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One year later, Surface Pro 3 shows Microsoft can build hardware too

It's hard to believe but it was one year ago this week that Microsoft announced the Surface Pro 3 at an event in New York City. The device, which has been selling well for the company, is its first big sales success in the tablet space.

In October of last year, Satya Nadella said that the device was selling at twice the rate of the Surface Pro 2 and based on public perception of the device, the Pro 3 is the first tablet to come out of Microsoft that consumers genuinely desire.

During the 2014 holiday shopping season, the Surface line of tablets, as a division, blossomed into a billion dollar business for the company. Of course, it took some serious work to get to the point of the Surface Pro 3 being a success - the sacrifice of the Surface RT created the foundation for the device.

Still, the Surface Pro 3 has proven that Microsoft has the chops to build hardware along with its software. While the device is far from perfect and is now starting to show its age with an outdated CPU, the Pro 3 was a turning point for the brand.

Before it launched, the Surface line of tablets was viewed as this bold experiment by Microsoft to move into a space heavily dominated by Apple (iPad) and other traditional PC makers like Samsung who also build laptop/tablet hybrids. But the Pro 3 changed that, it gave Microsoft the ability to place a stake in the ground and say "we can play too".

Microsoft's confidence in the Surface brand is growing as well. When the company launched the more affordable Surface 3 earlier this month, it was not limited to the US and Canada like the Pro 3; Microsoft went global for the release. This means that they had to ramp up production considerably, build many more units that had unique regional configurations (chargers, language etc), and ready the supply chain to meet the expected demand, which means there is significantly more liability in this business model if the market does not react as expected.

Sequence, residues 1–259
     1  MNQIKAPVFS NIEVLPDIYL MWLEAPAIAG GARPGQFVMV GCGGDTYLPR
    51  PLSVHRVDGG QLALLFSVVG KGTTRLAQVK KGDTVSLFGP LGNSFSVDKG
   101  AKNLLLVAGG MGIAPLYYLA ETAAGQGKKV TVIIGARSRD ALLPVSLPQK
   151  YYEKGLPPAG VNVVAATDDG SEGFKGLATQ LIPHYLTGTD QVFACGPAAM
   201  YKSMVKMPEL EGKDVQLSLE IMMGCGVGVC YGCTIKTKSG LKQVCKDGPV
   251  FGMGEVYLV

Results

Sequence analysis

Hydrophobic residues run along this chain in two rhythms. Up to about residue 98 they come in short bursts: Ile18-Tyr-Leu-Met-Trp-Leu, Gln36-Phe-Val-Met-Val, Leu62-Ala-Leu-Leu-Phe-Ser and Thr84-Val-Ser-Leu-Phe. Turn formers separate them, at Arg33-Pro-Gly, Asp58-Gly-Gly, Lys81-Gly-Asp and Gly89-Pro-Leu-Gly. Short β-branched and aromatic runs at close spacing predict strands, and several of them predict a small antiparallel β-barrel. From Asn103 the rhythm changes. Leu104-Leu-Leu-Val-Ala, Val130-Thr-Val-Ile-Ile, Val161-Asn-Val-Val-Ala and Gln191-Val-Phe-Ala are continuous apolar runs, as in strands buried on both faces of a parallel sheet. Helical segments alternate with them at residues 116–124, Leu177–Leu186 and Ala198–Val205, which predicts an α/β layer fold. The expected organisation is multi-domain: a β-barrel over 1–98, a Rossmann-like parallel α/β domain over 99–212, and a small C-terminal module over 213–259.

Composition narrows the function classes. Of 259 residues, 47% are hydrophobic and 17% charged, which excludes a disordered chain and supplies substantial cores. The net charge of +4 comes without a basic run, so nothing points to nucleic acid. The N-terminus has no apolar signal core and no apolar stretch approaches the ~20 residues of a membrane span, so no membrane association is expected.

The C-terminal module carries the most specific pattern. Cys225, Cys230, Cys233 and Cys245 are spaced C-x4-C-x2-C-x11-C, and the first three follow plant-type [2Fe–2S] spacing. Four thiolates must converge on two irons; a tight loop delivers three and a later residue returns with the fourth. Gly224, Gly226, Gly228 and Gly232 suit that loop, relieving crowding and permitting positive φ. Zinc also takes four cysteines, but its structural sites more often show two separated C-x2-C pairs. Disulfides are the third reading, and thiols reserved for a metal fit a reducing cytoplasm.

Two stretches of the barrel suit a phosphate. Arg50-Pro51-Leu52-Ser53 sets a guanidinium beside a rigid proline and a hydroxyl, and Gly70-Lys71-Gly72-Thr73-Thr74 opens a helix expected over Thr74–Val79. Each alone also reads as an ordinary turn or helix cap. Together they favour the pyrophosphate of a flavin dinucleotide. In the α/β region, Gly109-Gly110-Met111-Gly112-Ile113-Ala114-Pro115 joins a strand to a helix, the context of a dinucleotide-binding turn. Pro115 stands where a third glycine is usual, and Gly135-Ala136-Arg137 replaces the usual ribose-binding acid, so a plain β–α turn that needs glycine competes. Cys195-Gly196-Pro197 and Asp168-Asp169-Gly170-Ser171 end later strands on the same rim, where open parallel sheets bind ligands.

With the glory of the Surface Pro 3 fading into the past - the company is currently offering $150 off a mid-tier model and offers similar such discounts across the range on a regular basis - all eyes are turning to its successor, the Surface Pro 4.

Likely to be positioned as the hero device for Windows 10 - the new OS that will arrive this summer - for the enthusiast crowd, the new tablet cannot come soon enough as all of its competing devices are using Broadwell chips, while the Pro 3 has Haswell.

But whatever Microsoft has in store for its successor, the Surface Pro 3 clearly demonstrated that the company has what it takes to offer high-quality, desirable hardware in an increasingly competitive market.

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